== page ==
The Second Sunday of Easter – 16th April 2023
Lectionary Readings: Acts 2:42-47; Ps 117:2-4.13-15.22-24; 1Pet 1:3-9; Jn 20:19-31.
Theme: Jesus sends his disciples
hapter 20 of John’s Gospel, from which today’s reading is taken, concludes with two verses (vv. 30-31) that were almost certainly the final verses of the Gospel when it was first composed, chapter 21 being a later addition. Verse 31 states the purpose for which the Gospel was written. In the NRSV this appears as “so that you might come to believe”, with a note that the Greek original can also be read as “so that you might continue to believe”. The first suggests that the Gospel was written for non-believers, and the second, that it was written for those who believe already. Do we count ourselves among the latter, or are we, in some sense, still coming to believe?
Jesus’ greeting “Peace be with you” echoes a greeting in the Aramaic book of Tobit with which Jesus may have been familiar. It is spoken by the angel Raphael to Tobias and Sarah (Tob. 12:17). Its three-fold repetition in John 20 (vv. 19, 21, 26) is a signal to pause and reflect. The familiar Hebrew word shalom (the Aramaic word is shlama) means not just peace, but harmony, wholeness, completeness, prosperity and tranquility. The Risen Jesus is offering his disciples something much richer than absence of war or strife. This very Jewish notion is emphasized by the fact that one of the eight names of the Messiah listed in Beth ha-Midrash 2:100 is Sar-Shalom, Prince of Peace (Strack & Billerbeck vol.1, 1:21B).
Following Jesus’ second greeting he breathes on the disciples and they receive the Holy Spirit. There is an allusion here to the creation accounts in Genesis. In Genesis 1:2 a ruah (breath, wind, spirit) from God sweeps over the face of the waters and the cosmos begins to take shape. In Genesis 2:7 the breath of God brings life to the first human being. So in John’s appearance story, the breath of the Risen Jesus brings about a new creation; the disciples are infused with new life. This new creation, like the first, is bursting with energy, energy for going to the rest of the world with a message of forgiveness and hope.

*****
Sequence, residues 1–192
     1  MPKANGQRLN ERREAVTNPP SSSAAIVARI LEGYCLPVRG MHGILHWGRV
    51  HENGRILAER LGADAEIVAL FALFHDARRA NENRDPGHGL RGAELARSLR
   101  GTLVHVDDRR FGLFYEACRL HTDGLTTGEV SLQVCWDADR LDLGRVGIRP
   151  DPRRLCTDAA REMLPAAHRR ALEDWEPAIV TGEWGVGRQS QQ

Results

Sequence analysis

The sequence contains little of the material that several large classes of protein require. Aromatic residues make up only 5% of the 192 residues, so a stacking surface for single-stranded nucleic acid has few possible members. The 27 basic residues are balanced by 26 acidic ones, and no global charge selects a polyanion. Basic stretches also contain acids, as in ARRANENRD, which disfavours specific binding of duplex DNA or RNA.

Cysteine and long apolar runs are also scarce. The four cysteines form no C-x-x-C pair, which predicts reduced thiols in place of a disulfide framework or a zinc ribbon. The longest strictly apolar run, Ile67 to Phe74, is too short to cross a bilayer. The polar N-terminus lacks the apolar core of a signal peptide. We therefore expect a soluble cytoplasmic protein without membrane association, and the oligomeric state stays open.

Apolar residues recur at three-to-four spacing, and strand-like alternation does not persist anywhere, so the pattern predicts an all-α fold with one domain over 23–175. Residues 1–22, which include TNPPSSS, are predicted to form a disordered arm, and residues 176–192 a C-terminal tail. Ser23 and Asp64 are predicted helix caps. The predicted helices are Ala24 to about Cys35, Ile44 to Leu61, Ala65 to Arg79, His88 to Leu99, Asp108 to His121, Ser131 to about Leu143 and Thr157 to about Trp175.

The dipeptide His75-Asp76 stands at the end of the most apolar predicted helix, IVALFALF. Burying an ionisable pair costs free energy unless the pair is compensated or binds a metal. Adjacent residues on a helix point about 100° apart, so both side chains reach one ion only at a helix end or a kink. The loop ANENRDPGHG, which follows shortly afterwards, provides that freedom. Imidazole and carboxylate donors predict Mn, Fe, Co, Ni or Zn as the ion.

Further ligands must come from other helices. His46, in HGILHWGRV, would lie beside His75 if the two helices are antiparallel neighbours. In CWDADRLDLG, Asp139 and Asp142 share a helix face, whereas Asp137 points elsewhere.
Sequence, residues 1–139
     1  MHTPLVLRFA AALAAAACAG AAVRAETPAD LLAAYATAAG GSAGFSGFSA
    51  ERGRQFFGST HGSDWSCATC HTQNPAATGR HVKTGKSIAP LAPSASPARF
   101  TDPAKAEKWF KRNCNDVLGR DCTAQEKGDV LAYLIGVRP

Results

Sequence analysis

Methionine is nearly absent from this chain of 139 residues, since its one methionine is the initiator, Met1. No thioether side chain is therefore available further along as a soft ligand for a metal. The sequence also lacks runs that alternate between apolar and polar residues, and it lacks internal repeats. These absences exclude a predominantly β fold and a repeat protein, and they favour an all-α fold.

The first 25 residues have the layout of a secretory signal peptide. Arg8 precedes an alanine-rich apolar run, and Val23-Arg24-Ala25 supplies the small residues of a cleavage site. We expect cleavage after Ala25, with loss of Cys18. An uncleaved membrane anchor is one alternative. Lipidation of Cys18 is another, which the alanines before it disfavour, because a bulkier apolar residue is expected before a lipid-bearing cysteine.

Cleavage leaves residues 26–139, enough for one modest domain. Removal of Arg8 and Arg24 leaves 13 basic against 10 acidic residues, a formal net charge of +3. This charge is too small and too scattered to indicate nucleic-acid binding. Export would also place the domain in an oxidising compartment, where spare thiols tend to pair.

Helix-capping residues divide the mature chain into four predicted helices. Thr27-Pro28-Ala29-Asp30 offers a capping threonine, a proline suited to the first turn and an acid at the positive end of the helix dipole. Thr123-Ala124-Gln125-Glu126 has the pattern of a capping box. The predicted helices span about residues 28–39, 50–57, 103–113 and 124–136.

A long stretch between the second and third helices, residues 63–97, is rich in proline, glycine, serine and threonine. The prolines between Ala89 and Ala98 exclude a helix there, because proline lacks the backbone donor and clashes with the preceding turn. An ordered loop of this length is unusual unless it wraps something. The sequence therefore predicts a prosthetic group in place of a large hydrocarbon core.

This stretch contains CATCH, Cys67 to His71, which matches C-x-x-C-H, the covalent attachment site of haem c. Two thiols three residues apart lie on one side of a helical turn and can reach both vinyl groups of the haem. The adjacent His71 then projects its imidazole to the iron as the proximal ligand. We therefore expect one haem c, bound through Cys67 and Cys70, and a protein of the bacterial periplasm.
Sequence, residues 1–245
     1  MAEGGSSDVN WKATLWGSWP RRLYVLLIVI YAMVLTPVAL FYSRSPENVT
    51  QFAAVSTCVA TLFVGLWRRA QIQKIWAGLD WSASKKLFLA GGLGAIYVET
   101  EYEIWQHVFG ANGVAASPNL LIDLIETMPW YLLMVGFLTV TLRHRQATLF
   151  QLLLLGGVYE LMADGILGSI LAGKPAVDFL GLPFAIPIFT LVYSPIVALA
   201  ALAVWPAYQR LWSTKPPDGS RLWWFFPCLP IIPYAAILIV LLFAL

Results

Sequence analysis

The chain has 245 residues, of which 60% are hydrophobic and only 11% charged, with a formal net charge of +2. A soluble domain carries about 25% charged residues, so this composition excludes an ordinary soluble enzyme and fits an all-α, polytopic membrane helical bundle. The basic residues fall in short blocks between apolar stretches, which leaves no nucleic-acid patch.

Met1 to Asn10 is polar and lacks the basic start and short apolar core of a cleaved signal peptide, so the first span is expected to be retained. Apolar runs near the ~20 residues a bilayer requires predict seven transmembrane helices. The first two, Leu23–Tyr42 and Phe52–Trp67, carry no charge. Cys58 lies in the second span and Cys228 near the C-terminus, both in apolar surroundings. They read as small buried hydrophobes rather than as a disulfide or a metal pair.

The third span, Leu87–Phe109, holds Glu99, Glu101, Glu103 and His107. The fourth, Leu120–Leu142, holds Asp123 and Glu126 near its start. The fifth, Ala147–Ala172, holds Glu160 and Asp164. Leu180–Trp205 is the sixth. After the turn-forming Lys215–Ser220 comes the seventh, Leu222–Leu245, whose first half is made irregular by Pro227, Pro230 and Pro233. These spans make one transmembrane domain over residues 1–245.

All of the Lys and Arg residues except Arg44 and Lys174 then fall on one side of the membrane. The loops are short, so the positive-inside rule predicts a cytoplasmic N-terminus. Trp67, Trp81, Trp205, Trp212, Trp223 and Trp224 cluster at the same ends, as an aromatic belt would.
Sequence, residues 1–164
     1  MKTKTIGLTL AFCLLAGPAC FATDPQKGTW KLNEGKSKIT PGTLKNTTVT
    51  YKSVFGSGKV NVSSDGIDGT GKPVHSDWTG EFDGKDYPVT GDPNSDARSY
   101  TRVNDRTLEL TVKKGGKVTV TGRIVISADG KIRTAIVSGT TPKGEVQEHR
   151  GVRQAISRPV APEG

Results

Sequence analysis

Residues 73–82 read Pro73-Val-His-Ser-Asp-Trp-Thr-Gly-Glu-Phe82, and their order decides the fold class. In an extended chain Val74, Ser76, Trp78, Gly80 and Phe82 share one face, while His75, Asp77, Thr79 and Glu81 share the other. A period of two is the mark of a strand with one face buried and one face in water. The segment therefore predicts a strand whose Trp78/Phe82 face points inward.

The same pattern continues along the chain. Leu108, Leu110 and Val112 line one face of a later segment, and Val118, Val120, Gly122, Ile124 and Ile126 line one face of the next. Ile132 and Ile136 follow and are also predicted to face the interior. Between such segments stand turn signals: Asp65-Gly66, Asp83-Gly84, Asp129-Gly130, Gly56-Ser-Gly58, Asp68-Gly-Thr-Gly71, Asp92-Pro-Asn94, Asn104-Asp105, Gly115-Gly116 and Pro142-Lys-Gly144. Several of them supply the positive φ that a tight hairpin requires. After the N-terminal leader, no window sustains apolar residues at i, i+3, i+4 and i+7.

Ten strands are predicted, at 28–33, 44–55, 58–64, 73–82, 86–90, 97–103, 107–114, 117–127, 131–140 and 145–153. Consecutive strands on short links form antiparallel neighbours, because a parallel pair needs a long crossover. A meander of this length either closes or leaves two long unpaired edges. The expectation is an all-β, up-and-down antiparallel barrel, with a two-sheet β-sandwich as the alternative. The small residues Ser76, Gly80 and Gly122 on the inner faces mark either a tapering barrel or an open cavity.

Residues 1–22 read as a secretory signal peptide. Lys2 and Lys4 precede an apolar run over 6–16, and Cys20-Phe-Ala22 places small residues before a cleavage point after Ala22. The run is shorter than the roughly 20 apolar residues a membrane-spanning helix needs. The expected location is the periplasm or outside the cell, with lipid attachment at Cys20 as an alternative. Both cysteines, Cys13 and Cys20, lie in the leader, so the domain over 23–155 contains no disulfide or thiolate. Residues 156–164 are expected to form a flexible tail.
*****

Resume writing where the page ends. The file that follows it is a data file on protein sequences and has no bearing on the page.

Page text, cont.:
The Holy Spirit is often thought of as a particularly Christian notion, but it actually has deep Jewish roots. It is found in the Hebrew Scriptures as Ruah Ha-Qodesh (the Spirit of the Holy [One]). Examples are Psalm 51:13, “do not take your holy spirit away from me” and Isaiah 63:11, “Where is the one who put within them his holy spirit…”. While Jewish tradition does hold that the Holy Spirit departed from Israel with the last of the prophets, there is a persistent understanding in rabbinic literature that it continued to be active, e.g. “As soon as Rabbi Meir saw them, he saw by means of the Holy Spirit [what had happened]…” (Leviticus Rabbah 9.9). There is widespread agreement that it has continued to operate under different forms, e.g. the Bat Kol or Heavenly Voice. (Bregman, 7-9)
For Reflection and Discussion: 1. Do you see yourself in any way as still coming to believe in the Risen Jesus? 2. Do you sense that the Holy Spirit is active in your own life? In what ways?
Bibliography: Bregman, M. “Ruah Ha-Qodesh (The Holy Spirit) in Rabbinic Literature” (Bat Kol Lecture 2005, unpublished); Strack, H.L. & Billerbeck P. A Commentary on the New Testament from the Talmud and Midrash Vol.1(Bellingham WA: 2022); Levine, A-J. & Brettler, M.Z. The Jewish Annotated New Testament (Oxford: 2017).
This week’s Sunday Liturgy Commentary was prepared by
Kevin L McDonnell cfc, Australia, Bat Kol alumnus 2003, 2004, 2005
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